The performance of Manchu palace skaters on holiday
View of the Chengde Mountain Resort
Map of Manchukuo (1933–1945)
Inner Mongolian carpet c. 1870
Octagonal drum performance on stage
Map of the three provinces of Northeast China (1911) {{sfnp|EB|1911}}
Temple of the White Sulde of Genghis Khan in the town of Uxin in Inner Mongolia, in the Mu Us Desert. The worship of Genghis is shared by Chinese and Mongolian folk religion.
Akšan, Manchu singer and ulabun artist
Map of Manchukuo and its rail network, c.{{nbsp}}1945
Sign of the Jiuquan Satellite Launch Center
Manchu autonomous area in Liaoning.{{#tag:ref|Autonomous counties are shown in bright green. Counties with autonomous townships are in dark green, with the number of Manchu townshipin each county shown in red (or yellow). So are another 2 pictures|group=note}}
Map with the historic extent of Manchuria. Inner Manchuria lies in Northeast China, colored in red. Outer Manchuria to the north and the part today in Inner Mongolia to the west are in lighter red.
Jade dragon of the Hongshan culture (4700 BC – 2900 BC) found in Ongniud, Chifeng
Manchu autonomous area in Jilin.
Ulaanbutan grassland
Manchu autonomous area in Hebei.
Inner Mongolian grassland
Manchu Hunting party
Honorary tomb of Wang Zhaojun (born c. 50BC) in Hohhot
Manchu Hunting party
Fresco from the Liao dynasty (907–1125) tomb at Baoshan, Ar Horqin
Manchu Hunting party
Khitan people cooking. Fresco from the Liao dynasty (907–1125) tomb at Aohan
Manchu Hunting party
Remains of the city Khara-Khoto built in 1032. Located in Ejin Khoshuu, Alxa Aimag
Manchu Hunting party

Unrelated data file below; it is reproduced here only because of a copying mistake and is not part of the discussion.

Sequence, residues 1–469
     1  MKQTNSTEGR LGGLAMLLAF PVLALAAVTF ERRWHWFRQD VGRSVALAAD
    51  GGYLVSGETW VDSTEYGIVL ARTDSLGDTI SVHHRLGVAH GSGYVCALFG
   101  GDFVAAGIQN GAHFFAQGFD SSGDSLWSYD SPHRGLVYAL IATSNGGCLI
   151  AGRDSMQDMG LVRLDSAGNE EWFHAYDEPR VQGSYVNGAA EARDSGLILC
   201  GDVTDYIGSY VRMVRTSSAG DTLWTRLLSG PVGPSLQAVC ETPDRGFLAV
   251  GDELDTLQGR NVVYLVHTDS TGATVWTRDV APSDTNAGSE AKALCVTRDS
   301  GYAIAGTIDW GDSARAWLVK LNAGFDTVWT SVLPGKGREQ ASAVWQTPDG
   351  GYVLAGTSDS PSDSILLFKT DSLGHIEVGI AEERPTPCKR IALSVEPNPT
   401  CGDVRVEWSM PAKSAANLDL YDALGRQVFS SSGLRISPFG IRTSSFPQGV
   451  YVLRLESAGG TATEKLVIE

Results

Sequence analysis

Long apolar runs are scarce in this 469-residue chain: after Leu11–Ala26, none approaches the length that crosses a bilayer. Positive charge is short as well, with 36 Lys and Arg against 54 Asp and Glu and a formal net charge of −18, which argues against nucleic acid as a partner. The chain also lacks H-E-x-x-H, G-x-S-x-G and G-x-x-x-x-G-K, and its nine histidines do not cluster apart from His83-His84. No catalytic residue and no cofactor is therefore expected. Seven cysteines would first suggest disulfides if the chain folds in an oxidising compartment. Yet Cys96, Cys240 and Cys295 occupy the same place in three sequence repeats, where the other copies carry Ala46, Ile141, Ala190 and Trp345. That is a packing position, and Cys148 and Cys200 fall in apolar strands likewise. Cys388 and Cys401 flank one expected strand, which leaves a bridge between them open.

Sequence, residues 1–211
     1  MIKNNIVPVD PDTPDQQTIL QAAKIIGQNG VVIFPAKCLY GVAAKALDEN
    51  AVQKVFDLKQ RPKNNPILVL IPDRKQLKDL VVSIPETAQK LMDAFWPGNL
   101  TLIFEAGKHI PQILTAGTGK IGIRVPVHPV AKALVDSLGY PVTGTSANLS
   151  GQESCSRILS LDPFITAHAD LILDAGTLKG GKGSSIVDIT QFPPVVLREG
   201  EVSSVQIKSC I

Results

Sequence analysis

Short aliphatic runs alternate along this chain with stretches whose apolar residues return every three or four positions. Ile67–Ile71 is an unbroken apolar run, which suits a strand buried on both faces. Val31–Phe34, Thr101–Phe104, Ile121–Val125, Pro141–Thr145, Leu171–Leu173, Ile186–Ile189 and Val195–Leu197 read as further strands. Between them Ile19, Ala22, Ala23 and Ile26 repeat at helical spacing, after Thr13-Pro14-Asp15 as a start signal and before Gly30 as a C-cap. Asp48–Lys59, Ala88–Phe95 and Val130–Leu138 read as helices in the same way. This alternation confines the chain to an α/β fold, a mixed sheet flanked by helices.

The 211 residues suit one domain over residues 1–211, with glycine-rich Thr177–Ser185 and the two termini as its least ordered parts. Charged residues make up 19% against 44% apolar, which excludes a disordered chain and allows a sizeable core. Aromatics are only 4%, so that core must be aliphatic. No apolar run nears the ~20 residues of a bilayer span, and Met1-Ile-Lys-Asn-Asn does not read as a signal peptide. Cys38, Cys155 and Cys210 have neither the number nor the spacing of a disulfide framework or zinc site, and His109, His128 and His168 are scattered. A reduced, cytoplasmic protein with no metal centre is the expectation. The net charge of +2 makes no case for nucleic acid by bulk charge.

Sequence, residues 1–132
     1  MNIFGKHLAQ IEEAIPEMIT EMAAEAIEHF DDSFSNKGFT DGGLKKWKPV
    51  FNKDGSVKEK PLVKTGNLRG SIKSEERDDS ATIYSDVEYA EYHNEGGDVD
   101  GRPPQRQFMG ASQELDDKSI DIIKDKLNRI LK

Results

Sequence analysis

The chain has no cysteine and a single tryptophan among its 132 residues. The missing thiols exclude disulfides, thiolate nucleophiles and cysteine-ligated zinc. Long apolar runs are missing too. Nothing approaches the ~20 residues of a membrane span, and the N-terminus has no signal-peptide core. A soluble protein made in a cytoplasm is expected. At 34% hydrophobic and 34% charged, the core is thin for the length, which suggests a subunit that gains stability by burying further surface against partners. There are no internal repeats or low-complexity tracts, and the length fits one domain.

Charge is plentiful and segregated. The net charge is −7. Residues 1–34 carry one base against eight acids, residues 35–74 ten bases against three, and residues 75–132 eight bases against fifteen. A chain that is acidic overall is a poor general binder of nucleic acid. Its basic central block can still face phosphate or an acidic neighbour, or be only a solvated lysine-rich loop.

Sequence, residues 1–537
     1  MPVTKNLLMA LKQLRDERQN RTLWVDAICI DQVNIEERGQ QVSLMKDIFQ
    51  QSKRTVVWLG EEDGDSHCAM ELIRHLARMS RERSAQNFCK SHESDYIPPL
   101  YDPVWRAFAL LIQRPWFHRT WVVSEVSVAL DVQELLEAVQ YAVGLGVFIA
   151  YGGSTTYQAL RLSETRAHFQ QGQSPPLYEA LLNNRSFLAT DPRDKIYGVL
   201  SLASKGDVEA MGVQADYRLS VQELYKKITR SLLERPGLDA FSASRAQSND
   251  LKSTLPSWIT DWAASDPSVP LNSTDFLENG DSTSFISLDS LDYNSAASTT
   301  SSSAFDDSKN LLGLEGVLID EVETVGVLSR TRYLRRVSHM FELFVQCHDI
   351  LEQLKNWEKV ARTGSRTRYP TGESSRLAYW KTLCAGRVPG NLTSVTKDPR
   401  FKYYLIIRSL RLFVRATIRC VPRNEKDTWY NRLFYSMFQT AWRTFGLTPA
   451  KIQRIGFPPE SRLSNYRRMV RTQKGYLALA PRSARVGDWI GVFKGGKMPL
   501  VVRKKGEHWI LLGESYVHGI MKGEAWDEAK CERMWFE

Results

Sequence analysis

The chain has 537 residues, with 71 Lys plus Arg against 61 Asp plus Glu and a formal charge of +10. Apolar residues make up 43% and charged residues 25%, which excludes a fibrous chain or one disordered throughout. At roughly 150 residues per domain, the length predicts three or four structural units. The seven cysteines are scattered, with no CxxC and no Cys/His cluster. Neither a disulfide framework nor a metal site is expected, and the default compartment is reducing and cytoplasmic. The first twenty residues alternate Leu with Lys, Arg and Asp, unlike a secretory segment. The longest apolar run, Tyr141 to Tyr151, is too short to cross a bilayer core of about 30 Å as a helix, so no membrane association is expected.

Maidari Juu temple fortress ({{zh|labels=no |c=美岱召 |p=měidài zhào}}) built by Altan Khan in 1575 near Baotou
Manchu Hunting party
Newly built arch in front of the Maidari Juu temple fortress (1575)
Manchu Hunting party
Da Zhao temple (also called Ikh Zuu) built by Altan Khan in 1579
Manchu Hunting party
Badekar Monastery (1749) near Baotou, Inner Mongolia. Called Badgar Zuu in Mongolian
Manchu Hunting party
Five Pagoda temple (1727) in Hohhot
Manchu Hunting party
Badain Jaran temple (1868) in western Inner Mongolia
Manchu Hunting party
Genghis Khan Mausoleum (1954)
Manchu Hunting party
Genghis Khan Mausoleum (1954)
Alshaa mountain scenery
Alxa Western Monastery (Alshaa Baruun Hiid) built in 1756

The Manchu are an officially recognized ethnic minority in China and the people from whom Manchuria derives its name.

- Manchu people

The province is 96% Han Chinese, 3% Manchu, 0.8% Hui and 0.3% Mongol.

- Hebei

Among them, Liaoning has the largest population and Hebei, Heilongjiang, Jilin, Inner Mongolia and Beijing have over 100,000 Manchu residents.

- Manchu people

Hebei borders the provinces of Shanxi to the west, Henan to the south, Shandong to the southeast and Liaoning to the northeast, as well as the Inner Mongolia Autonomous Region to the north.

- Hebei

(most often) Northeast China, specifically the three provinces of Heilongjiang, Jilin, and Liaoning, but broadly also including the eastern Inner Mongolian prefectures of Hulunbuir, Hinggan, Tongliao, and Chifeng, and sometimes Xilin Gol;

- Manchuria